And from the prison we started our tour around the castle. The prison is located on the first floor, as well as the exhibition about history of the castle and all Vasa family members. On the second floor chambers and the church are situated, also open for visitors.
The prison is known today as women’s prison, although this term was mentioned for the first time in 1847. Already in 13th century prisoners, mainly for political reasons, were held in one of the tower’s dungeons. In 16th century prisoners were moved to cells located in the other part of the courtyard. This wing of the castle, in which women’s prison is situated, was built in 1654. Probably already from the beginning of 19th century it was designed for women. In 1852 the current Kalmar prison was built and the castle stopped being used as a county jail.
It’s well-known that you don’t go to prison to be well-fed, and as food is an important part of life (at least of my life), we moved on to the east wing, where the royal kitchen was located. Royal visits always caused extra work to the kitchen staff. Feeding the royal family, the court and the soldiers required proper and efficient organisation. Food, wood and water supplies needed to be taken care of. Mostly meals were cooked and food was preserved. Meat was smoked or dried. Bread was baked two times a week at the most, because of extra usage of the wood. Bread was baked from rye flour, oats or corn. Wheat bread was perceived as special and it was served only during holidays.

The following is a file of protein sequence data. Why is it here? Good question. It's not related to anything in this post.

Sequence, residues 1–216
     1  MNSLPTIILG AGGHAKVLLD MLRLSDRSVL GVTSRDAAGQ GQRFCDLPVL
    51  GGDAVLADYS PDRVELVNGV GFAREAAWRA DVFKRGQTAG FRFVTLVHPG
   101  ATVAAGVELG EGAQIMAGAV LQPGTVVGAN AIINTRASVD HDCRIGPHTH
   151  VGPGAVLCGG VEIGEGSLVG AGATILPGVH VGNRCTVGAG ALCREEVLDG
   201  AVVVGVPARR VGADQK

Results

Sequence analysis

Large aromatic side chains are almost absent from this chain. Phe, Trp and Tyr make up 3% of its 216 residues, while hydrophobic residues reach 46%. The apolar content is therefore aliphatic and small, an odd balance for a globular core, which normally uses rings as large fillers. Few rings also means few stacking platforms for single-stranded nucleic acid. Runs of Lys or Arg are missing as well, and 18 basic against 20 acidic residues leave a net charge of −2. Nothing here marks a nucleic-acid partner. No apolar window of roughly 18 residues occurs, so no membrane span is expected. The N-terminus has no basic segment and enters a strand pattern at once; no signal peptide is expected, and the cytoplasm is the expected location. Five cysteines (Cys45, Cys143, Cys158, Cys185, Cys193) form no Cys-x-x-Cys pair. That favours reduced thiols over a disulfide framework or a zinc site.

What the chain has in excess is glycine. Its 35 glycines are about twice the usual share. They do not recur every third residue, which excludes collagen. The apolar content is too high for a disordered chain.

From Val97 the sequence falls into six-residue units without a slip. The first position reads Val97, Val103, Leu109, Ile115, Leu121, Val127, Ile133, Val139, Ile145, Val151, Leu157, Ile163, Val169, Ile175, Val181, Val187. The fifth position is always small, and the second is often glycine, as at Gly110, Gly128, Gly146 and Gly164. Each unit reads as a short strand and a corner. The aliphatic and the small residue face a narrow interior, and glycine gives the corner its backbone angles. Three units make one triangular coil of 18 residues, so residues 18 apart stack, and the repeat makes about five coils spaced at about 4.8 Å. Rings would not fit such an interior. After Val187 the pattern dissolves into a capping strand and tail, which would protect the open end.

One of the chef’s speciality was a pate. Not only pate’s form were extraordinary, but even the type of meat that it was made from seemed pretty exotic. For example, pike pate was served to resemble wriggling fish. Pates were served with coats made from peacock’s feathers. Sometimes they were also served with living birds inside, so they could fly away with the moment of the first cut.
Next to the kitchen, dresses of princesses and boards telling the story of all Kalmar besieges, there is a room dedicated to heliocentric theory. The reason why to arrange a separate room for this theme is probably resonating with an interested in astrology, shared from Marthin Luther to Swedish kings. Gustav, Erik, Johan or Charles could announce certain prayer day if omens had been sighted. Those omens were especially bonded with Erik’s life, as they were seen on the sky since the day he was born and used as an explanation to his tragic life.